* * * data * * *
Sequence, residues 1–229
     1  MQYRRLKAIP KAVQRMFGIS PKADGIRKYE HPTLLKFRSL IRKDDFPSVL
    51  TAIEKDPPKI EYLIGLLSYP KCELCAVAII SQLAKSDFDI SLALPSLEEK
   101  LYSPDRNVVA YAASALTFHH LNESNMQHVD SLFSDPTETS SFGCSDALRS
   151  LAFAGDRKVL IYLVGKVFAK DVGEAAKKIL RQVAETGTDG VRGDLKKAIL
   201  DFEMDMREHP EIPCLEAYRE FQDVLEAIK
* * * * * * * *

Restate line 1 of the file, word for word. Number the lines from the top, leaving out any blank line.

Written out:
Sequence, residues 1–229